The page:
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LOST: An Incredible Emporium

by Joan L Cannon

If I get another e-mail reminding me of the price of butter or gasoline in 1938, I might do violence to my computer. Certain things are unworthy of sentimental recall; change is the nature of being alive. The fact that everything costs more now than in our parents' day is neither remarkable nor subject to reversion. Thus reminding ourselves of it is just non-productive.

Other things, like the atmosphere on a hot summer day in the city neighborhood where I grew up, or the blacked-out nights of World War II, or what department stores used to be like seem worth recalling for what we might be able to learn, even after half a century after they're no longer around. The past has lessons and pleasures to offer us.

John Wanamaker's department store (the one in New York City) probably means more to me because it was only two blocks away from where we lived. The store occupied two full city blocks between lower Broadway and Fourth Avenue from Ninth to Tenth Street. The Tenth Street block comprised a ground floor centered by a five-story rotunda that had curving staircases to the second floor anchored by a large pipe organ. That was the venue for all sorts of entertainment, but especially music, on offer to anyone who could be there to enjoy it. In the Depression, such free events were welcome, I'm sure, for many with no other access to diversion.

Our school was only a mile or so away, and we gave regular annual concerts ranged on those stairs at Thanksgiving and at Christmas. Since it was a Quaker school, we were decked out in appropriate costumes: gray rayon dresses with white caps and fichus for the girls, black suits with knee breeches and broad white Eton collars topped by pilgrim hats for the boys. There were almost daily noon-time recitals, carol singing by church choirs as well as our school choir before Christmas, and other performances to regale customers year round.

Nowadays we see gorgeous decorations for the holidays that must cost a fortune, but none exceed the fragrant fresh wreaths and greens and miles of velvet ribbon, acres of poinsettias, and a Santa with attendant elves that Wanamaker's displayed every year.

The ground floor around this space had jewelry, cosmetics, gloves and scarves, women's shoes, men's wear, hats, and the book store. Elevators were run by uniformed operators who recited the goods available on each floor. Furs and children's clothing and shoes, dresses and lingerie, shirts and ties and underwear; in short, anything one could need or want was available.

It's hard to believe that I could go home with a hard cover novel that cost no more than my weekly allowance. I still have a handsome cameo brooch my grandmother had bought in Italy and had set in red gold by the jewelry department.

I was an inveterate animal lover with very little discriminatory sense. I could go up to the fifth floor Pet Department and buy a tree toad and meal worms with which to feed it, the terrarium to house it, moss and small plants to decorate its artificial habitat. Or it might be a pair of white mice that I brought home. Those I remember in particular because they quickly learned to raise the door of their cage and escape. My mother was in constant fear of vacuuming one of them up, once it had gotten gray with city dirt from scurrying around loose.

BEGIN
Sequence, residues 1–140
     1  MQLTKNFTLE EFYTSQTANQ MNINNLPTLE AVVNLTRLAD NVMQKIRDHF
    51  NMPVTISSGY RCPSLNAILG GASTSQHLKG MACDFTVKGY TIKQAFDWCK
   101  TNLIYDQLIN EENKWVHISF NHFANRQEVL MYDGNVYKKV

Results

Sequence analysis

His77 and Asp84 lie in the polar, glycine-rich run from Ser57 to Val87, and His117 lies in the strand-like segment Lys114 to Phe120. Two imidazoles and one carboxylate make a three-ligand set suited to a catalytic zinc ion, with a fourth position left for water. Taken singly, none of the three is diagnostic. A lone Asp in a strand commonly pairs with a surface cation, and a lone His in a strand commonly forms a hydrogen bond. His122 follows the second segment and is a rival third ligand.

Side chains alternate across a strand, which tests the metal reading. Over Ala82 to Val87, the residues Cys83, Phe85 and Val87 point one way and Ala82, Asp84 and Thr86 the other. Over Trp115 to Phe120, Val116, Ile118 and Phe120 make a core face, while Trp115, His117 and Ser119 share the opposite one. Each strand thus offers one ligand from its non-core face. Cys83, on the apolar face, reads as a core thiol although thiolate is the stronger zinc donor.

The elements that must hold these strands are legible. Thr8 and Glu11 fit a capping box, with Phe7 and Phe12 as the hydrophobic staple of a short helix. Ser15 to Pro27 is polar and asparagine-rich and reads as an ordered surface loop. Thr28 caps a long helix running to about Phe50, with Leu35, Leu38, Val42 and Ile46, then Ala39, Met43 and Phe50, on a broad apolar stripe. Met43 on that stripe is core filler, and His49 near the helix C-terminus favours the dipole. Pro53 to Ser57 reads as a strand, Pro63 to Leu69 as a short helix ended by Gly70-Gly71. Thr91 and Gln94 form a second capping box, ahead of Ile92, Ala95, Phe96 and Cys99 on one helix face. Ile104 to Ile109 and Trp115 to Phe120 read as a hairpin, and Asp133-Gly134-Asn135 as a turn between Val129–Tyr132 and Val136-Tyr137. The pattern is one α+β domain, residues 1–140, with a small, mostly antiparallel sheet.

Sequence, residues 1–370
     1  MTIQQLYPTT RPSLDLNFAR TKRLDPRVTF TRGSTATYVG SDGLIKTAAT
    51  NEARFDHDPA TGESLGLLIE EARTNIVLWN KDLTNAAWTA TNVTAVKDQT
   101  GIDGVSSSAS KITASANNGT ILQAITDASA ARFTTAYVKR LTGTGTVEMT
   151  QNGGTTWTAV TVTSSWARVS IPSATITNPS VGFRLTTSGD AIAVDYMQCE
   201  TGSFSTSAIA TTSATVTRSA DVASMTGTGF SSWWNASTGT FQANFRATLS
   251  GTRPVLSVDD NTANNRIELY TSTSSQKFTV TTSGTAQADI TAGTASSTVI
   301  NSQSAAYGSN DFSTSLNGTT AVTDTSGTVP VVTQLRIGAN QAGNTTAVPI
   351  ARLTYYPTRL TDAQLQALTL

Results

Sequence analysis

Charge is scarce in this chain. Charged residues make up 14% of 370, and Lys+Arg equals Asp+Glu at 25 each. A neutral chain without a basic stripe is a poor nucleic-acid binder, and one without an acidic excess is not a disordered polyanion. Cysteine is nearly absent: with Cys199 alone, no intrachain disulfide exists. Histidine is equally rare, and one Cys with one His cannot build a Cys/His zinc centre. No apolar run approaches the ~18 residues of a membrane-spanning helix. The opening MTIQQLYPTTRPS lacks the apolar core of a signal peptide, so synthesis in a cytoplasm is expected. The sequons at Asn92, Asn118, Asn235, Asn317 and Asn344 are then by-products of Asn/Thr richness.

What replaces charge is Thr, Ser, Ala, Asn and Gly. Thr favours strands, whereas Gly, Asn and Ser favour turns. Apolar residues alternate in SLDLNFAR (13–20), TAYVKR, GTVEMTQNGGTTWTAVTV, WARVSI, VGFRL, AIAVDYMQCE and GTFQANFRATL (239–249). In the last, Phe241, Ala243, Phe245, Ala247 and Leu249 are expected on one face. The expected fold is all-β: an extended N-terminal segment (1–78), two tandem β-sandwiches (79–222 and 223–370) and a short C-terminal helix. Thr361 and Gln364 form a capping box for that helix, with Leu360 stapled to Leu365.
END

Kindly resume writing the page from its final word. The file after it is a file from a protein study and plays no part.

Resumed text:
The remaining floors in that building had the clothing departments we all expect to this day, as well as yard goods and sewing notions. The fifth and top floor housed a very nice restaurant, the beauty salon, a small theater where marionette shows were offered several times a month, and the pet department. The toy department seemed like a fairyland.

The building across the street was joined to the Tenth Street store by an enclosed bridge on the second floor and where you could shop to furnish your apartment or country retreat, if you had one. They sold pianos: grand, spinet, or upright; upholstery fabrics, draperies, and kitchen appliances. Everything that our family needed, except for standard groceries and alcohol, could be found at Wanamaker's. Gift items, gourmet treats and fancy chocolates, musical instruments other than pianos, sporting goods and evening clothes, waffle irons and radios were at hand. There was mass-produced and one-of-a-kind art, gift items, radios and phonographs and on and on.

Thinking back on it, I cant figure out how Wanamaker's stayed in business during the Depression. The store had an enormous staff, whose livelihoods doubtless depended on it for many years. The inventory was huge and so diverse, and the clientele within Manhattan would seem to have been so low on discretionary funds, it amazes me to think that they didn't close the store until the nineteen fifties.

I realize now that the New York store was a less impressive and opulent version of the original Wanamaker's in Philadelphia. The organ was smaller, the rotunda not so like a cathedral, but it was still over a million square feet. The art exhibits and musical events were less lavish, but in our lower east side neighborhood, they knocked the socks off a large number of immigrants and others who would never have experienced a much culture without that incredible emporium. It constituted another world for me, and a necessity of life for my parents.

I wish something like Wanamaker's could be created someday when we can look for beauty, utility and art for art's sake in a commercial venue when we no longer need all our resources for trying to save our species and our planet.

©2009 Joan L. Cannon for SeniorWomenWeb

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